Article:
Secretary of State Colin Powell
Interview on NPR
Washington, D.C.
September 12, 2001

QUESTION: The Secretary of State Colin Powell today pledged a global fight against terrorism involving not only NATO but also Muslim states.

Secretary Powell, do you expect to have the active support of friendly Muslim states in that effort?

SECRETARY POWELL: Yes, I have already been in touch with some Arab states in the region. They realize that terrorism of this kind is a threat to any civilization. And they are friends of ours and they want to work with us and they want to help us, so I know that there will be a number of nations in the region, in the Persian Gulf and the Middle East region, that will be cooperating with us. And I am continuing to make phone calls to that end.

QUESTION: Have you spoken to people in Saudi Arabia and Egypt?

SECRETARY POWELL: I have spoken to people in Saudi Arabia. I have spoken to the Chairman of the Arab League, Mr. Amr Moussa. And I have calls in to other leaders in the region now.

QUESTION: When you spoke with them today, did they raise the linkage of this terrorist attack to Israeli actions in the Middle East or to US policy on the Israel-Palestinian dispute?

SECRETARY POWELL: They did not. And the simple reason is that this act is so horrible, so horrendous in its nature and dimensions, that there can be no justification. Even though we have a difficult situation between the Israelis and the Palestinians, no way could that justify this kind of attack against innocent people which costs thousands of lives. And none of them suggested that, nor would I have expected them to.

QUESTION: How strong a link would you say there is now from all that you know about yesterday's attacks between what happened and people associated with Usama bin Laden?

SECRETARY POWELL: Well, I am going to let the intelligence community and our law enforcement agencies describe the strengths of links to any particular terrorist organization or network. Let me just say that there is a body of evidence that is developing that I think in the very near future will point us in a specific direction. But I don't want to handicap that with describing it as being either strong or we're this sure or that sure.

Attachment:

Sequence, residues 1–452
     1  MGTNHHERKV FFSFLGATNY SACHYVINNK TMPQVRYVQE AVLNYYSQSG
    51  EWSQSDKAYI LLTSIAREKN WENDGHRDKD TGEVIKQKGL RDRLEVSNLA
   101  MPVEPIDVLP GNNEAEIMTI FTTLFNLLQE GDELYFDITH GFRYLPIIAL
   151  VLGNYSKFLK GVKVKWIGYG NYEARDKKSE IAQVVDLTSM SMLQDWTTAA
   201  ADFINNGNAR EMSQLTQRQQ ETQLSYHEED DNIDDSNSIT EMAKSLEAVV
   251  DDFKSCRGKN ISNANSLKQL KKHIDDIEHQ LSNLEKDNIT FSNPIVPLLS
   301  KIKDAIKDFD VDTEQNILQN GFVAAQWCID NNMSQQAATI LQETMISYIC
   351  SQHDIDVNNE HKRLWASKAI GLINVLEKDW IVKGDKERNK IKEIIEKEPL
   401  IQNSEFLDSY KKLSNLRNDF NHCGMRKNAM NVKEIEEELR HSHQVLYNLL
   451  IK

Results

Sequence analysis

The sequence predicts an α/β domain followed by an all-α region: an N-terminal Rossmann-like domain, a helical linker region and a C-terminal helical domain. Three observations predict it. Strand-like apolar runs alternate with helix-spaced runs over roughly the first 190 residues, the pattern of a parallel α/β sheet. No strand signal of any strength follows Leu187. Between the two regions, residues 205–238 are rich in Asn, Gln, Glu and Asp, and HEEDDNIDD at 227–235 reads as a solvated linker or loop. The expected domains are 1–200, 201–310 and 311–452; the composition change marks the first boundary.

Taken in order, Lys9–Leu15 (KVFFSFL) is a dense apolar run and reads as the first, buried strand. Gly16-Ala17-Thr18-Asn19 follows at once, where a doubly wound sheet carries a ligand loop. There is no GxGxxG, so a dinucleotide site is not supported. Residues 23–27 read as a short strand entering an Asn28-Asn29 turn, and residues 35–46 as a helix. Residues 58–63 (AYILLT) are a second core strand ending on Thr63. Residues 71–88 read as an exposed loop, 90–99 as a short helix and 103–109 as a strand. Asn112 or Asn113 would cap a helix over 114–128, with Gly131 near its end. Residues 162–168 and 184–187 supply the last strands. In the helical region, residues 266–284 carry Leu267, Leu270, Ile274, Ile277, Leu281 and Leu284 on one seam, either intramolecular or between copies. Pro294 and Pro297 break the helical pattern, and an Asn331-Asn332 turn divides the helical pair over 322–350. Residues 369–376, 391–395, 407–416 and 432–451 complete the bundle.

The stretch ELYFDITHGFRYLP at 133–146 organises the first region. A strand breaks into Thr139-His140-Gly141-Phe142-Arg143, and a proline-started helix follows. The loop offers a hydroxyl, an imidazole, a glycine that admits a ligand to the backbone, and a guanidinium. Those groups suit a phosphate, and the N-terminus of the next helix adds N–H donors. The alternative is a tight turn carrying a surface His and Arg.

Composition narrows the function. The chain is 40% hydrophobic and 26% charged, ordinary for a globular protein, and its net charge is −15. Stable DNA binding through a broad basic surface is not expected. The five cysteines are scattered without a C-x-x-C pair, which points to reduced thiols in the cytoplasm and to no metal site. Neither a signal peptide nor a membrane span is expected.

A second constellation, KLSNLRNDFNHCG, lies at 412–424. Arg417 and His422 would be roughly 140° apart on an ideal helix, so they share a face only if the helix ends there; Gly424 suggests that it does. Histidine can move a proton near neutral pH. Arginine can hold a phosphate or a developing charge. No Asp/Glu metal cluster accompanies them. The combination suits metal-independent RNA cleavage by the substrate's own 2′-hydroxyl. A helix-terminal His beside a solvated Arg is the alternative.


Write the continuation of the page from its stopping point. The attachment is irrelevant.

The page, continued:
QUESTION: How important is it in whatever the United States does, say if there is some military retaliation down the road, how important is it that there be allies, including Muslim nations, in that action?

SECRETARY POWELL: I think it is always best to have a coalition when you are going after a problem or dealing with a threat that really is not just directed at America; it is directed at civilization. And so to the extent that you can put a coalition together, you are bringing the weight of the international community along with you. It doesn't mean that every member of that coalition has to participate in some military way. Political support, diplomatic support, other kinds of support can be just as useful. It is not clear to me we would need anyone's direct military involvement should we go down a road of military retaliation.

QUESTION: Secretary Powell, the newspaper headlines in New York today, a lot of them, screamed the word "war." I wonder, is that appropriate? Do we regard this as the equivalent to war?

SECRETARY POWELL: The President believes that it was an act of war against us, not a war of the kind that we have seen before such as World War II or Korea or Vietnam. And Korea and Vietnam were not called wars but they certainly were wars. But it is an act of war. When you attack our homeland, when you attacked two places such as the World Trade Center buildings and the Pentagon, that is an act of war against our sovereignty, against the security of our people. When you kill thousands of our civilians, there is no other way to characterize it.

It doesn't mean necessarily that it results in, say, a declaration of war -- Congress would have to make that judgment anyway -- but it means that we have to really mobilize ourselves and all of the assets at our disposal -- political, diplomatic, legal, law enforcement, intelligence and military -- to deal with those who perpetrated this act of war against us.

QUESTION: Secretary Powell, thank you very much for talking with us.